In 1850 Green Waggoner joined the rush to the goldfields of California. When Green left for California in March of 1850, his wife Caroline was pregnant with their son John Green. John Green Waggoner was born on October 6 of 1850. By that time his father had arrived in California to pan gold in the El Dorado district near Pilot Hill thirty miles north and east of Sacramento. As was the custom of the '49ers and the more numerous gold seekers of 1850, the men went ahead usually leaving their families behind. Caroline apparently remained at home (she is not with Green in the 1850 California census, nor is she found in the 1850 census of the Pike Counties of Missouri and Illinois) with two very small children, William J. and Missouri Ann. Another daughter of Green and Caroline, Sarah Jane, had died hi March of 1849. With his younger brother Jesse and several Martinsburg area relatives and neighbors, Green Caston Waggoner almost certainly joined a company which was outfitted in Pike county and was led by Thomas Richardson, the husband of Lucinda Jane Waggoner (Green's first cousin once removed). The Pike County company's trip overland across the Oregon Trail is described in an article on Thomas Richardson in "Representative Citizens of Northern California", Standard Genealogical Publishing Company, Chicago, 1901, page 611: "Accordingly, he (Richardson) joined a company of ninety men that secured an outfit in Pike County and started in a train of twenty-nine wagons on the long and arduous journey across the plains. They were well supplied with provisions, and, as two physicians were of the party, were protected against prolonged illness. The journey was made by way of South Bear River, Green River, and Humboldt, and they were on the journey about six months, at the end of which period they arrived in Hangtown, now Placerville, September 18,1850. Although many emigrant trains suffered greatly from cholera, only three of their party had died of this disease.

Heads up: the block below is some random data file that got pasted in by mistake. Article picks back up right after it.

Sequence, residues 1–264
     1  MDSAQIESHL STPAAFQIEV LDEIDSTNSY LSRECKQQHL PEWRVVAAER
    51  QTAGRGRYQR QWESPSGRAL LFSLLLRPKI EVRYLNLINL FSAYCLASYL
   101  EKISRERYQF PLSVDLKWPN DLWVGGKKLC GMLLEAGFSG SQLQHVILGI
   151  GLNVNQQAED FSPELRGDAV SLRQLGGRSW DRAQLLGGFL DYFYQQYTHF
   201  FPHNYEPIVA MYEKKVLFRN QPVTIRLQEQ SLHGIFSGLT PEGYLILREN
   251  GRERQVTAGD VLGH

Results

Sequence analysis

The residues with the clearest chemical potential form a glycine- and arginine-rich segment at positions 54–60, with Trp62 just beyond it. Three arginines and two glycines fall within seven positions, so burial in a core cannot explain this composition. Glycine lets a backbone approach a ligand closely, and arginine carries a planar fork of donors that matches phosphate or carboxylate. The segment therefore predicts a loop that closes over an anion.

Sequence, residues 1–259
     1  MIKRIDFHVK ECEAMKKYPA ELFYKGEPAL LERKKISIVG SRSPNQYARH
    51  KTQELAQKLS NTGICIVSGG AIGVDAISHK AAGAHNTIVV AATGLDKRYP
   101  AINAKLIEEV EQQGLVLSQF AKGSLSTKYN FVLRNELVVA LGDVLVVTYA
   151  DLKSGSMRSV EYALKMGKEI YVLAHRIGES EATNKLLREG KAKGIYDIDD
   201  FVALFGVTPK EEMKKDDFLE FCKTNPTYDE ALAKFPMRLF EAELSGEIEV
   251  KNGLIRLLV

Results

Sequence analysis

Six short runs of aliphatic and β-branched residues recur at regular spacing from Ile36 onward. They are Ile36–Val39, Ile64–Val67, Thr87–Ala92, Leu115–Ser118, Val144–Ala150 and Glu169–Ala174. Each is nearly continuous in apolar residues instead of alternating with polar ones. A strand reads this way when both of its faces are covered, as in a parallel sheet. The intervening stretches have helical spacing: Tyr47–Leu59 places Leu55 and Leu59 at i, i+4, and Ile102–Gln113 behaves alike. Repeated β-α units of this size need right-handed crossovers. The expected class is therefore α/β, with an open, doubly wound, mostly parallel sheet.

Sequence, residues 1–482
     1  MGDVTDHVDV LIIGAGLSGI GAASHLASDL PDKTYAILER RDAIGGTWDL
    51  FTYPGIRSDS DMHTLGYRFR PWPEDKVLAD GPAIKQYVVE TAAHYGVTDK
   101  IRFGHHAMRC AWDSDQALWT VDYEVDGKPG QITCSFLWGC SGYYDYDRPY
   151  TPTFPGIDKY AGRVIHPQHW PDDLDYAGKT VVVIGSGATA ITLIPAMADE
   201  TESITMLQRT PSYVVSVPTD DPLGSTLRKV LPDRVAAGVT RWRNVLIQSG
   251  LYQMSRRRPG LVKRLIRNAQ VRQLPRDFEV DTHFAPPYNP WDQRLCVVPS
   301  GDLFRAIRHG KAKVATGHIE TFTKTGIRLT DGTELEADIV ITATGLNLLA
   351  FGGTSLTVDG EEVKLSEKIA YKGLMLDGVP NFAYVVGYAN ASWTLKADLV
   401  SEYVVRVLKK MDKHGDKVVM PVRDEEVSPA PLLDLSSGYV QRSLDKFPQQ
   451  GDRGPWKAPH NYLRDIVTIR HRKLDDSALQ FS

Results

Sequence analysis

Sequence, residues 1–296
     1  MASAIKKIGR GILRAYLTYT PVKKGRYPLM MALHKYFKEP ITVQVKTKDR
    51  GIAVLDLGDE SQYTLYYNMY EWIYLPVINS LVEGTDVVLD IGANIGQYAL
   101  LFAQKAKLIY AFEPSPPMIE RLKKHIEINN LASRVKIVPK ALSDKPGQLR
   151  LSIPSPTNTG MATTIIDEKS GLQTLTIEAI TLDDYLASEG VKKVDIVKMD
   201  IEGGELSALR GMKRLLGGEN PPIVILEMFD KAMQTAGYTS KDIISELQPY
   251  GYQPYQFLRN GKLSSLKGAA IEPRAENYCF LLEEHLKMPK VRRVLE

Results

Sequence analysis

Mr. Richardson began his career as a placer miner with pan and rocker on the American River below Coloma. He met with a fair measure of success, taking out considerable gold, and followed mining until 1851, when he returned to his home by the water route..." Other information on the 1850 Overland Trip comes from "A Memorial and Biographical History of Merced, Stanislaus, Calaveras, Mariposa Counties (Calif.), The Lewis Publishing Co., Chicago, IL 1892, page 226, which states: "In 1850 he (Thomas Richardson) crossed the plains to California with an ox-team. Proceeding to the gold-diggings on the American river, he mined there about two weeks. In December, 1851, he went back east by water..."

Although Thomas Richardson would return to settle in California by making a second overland trip with his family leaving in March of 1852, Green Waggoner appears to have returned to stay for good in Pike county, Illinois , However, on at least one other occasion, Green Waggoner returned to California in order to visit his daughter, Mrs. Missouri Reynolds. She and her family had settled in the Stockton area, and Green's return to Pike county from to visit to his daughter was reported in the "Pike County Democrat" of April 1,1886.